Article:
In my coding, I always do grep -rnIi "abcabc" . --color

But, how to make an alias that can let me type only one word with my search string? Is that possible?

  • Genuinely curious: what coding are you doing with an alias? I was under the impression they were mostly deprecated and, despite a few days of fervent hacking at oblique possibilities, I could never make them very useful because in almost all script worthy scenarios the shell refused to parse them. Eventually I settled on some compromise involving functions and heredocs that provided something like python's burner lambdas but I sure would prefer aliases...
    – mikeserv
    Commented Mar 4, 2014 at 2:44
  • @mikeserv I think the OP meant while coding as opposed to in the actual code.
    – terdon
    Commented Mar 4, 2014 at 3:20
  • Bummer. They sure are fast.
    – mikeserv
    Commented Mar 4, 2014 at 3:50

2 Answers 2


Pay attention to the tags on this question. This answer is the correct one given the version of grep that's included with CentOS 6 is below version 2.11

I don't believe you can do this using just an alias (at least not in the form that you've written it - see @Graeme's answer for an alternative syntax).

NOTE: I'll also mention here that @Graeme's solution though correct does not work on CentOS 5 & 6. I've confirmed this and it does in fact appear to be an issue with the version of grep (2.11 or older) that's bundled with those distros. The issue appears to be with grep not, by default, searching STDIN when no path argument is provided with the -r switch. Running grep -rnIi --color "string" just hangs indefinitely, attempting to search STDIN.

Aliases cannot take arguments being passed into them. They're more synonymous to a macro where they can get expanded by the shell to something else.

$ alias ll='ls -l'

This can then be used like so:

$ ll
$ ll somedir

But somedir isn't passed to ll, rather ll is expanded in place to ls -l and then replaces ll in your command.

Back to your question

You can use a function in the shell instead. Functions can take arguments.

$ function mygrep { grep -rnIi "$1" . --color; }

You then use it like this:

$ mygrep "blah"

    ss of ex

  • "The issue appears to be with grep not, be default, searching the current directory when provided the -r switch." Having a little trouble parsing that. Commented Mar 4, 2014 at 4:28
  • @FaheemMitha - is that better?
    – slm
    Commented Mar 4, 2014 at 6:29
  • slm: please see my comment on Graeme's answer. You can not assume grep will use the current dir as a default. grep (should) need both a string and "a place where to look for it". Its default is not "current dir", but "Standard Input", so your tries (Running grep -rnIi --color "string" just hangs indefinitely, waiting for a file/path argument to search) was in fact not waiting for a file/path, but was already grepping the standard input. Graeme's mygrep 'abcabc' . should work fine on CentOS as on any other "normal" unixes (using bash/sh/many others). Commented Mar 4, 2014 at 8:13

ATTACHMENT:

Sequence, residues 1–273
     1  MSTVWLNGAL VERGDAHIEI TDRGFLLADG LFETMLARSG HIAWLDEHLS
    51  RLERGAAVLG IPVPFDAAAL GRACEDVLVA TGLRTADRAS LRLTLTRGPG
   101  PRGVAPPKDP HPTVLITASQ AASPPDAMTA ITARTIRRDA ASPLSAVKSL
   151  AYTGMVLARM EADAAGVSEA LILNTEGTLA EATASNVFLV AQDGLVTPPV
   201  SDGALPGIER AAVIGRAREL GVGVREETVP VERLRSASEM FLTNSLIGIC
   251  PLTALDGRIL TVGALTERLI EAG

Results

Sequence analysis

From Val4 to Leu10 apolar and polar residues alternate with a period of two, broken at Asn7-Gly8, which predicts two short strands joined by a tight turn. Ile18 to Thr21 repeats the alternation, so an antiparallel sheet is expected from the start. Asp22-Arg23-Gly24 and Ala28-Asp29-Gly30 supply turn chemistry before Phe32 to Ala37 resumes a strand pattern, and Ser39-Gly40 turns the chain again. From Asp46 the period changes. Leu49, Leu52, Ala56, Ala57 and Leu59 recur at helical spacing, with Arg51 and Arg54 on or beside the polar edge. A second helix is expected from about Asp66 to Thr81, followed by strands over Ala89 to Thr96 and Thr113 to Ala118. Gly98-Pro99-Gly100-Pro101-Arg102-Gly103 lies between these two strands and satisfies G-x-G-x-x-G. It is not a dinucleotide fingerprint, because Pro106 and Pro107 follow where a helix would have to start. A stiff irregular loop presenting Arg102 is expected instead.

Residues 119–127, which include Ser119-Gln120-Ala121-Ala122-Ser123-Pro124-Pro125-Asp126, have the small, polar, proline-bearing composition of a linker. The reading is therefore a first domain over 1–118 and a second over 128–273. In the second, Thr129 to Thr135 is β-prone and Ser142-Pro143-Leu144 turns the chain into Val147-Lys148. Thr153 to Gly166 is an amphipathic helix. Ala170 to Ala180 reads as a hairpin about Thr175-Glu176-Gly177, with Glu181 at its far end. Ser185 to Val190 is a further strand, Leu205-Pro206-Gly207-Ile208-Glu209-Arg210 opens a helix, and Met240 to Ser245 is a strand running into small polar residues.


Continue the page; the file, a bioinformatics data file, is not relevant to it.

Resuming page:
• @slm, you are right, it is the version. Previous behaviour was to ignore the -r, so it would just match from stdin as usual.
    – Graeme
    Commented Mar 4, 2014 at 11:07
  • @OlivierDulac - OK, so I didn't quite explain it correctly but the issue still remains with grep on CentOS due to the dated version of grep that's included. Yes, I'm aware that the grep '...' . will work, it's just that you cannot do that as an alias, so the function method is the correct solution given the tags set on this particular Q.
    – slm
    Commented Mar 4, 2014 at 12:35

This can actually be an alias. The --color doesn't have to be at the end, and grep always searches the current directory with -r if no directory option is given (at least GNU grep does). Therefore you can do:

alias mygrep='grep -rnIi --color'


The behaviour of searching the current directory by default was introduced in GNU grep 2.11. From the changelog:

If no file operand is given, and a command-line -r or equivalent option is given, grep now searches the working directory. Formerly grep ignored the -r and searched standard input nonrecursively. An -r found in GREP_OPTIONS does not have this new effect.

So, on versions >=2.11 of GNU grep, usage of the alias would be as follows:

mygrep PATTERN [PATH...]

For versions of grep before this, you would have to specify the path every time @slm's answer using a function is the best way. Although you could achieve the same usage as above by writing the function like this:

mygrep () { grep -rnIi --color "$1" "${2:-.}"; }

Assuming, of course, that there is no requirement for the --color to be at the end as in the Q...

  • actually it works on ubuntu but not Redhat enterprise
    – BufBills
    Commented Mar 4, 2014 at 2:15
  • 1
    That must be due to an older version of grep, I just tried it on Fedora 19 and it worked fine. I've confirmed that it def. doesn't work on CentOS 5 or 6. CentOS 6 = 2.6.3, Fedora 19 = 2.14.
    – slm
    Commented Mar 4, 2014 at 2:41
  • I've incorporated this issue into my A just so others aren't confused as to why my A is accepted and higher voted, since you're approach would be the more normal course 8-).
    – slm
    Commented Mar 4, 2014 at 2:49
  • 1
    I believe your solution is the easiest and so "more correct" one. But you need to show how it's used: mygrep something somewhere (ex: mygrep "abcabc" . , for the OP's example). Grep needs both something to search for, and where to search it (a file, or a directory, both are valid here). The alias only provides the options, as those can (and should) be placed before the arguments. Commented Mar 4, 2014 at 8:10
  • Otherwise, with no "place" to search in, it greps the standard input. Commented Mar 4, 2014 at 8:15

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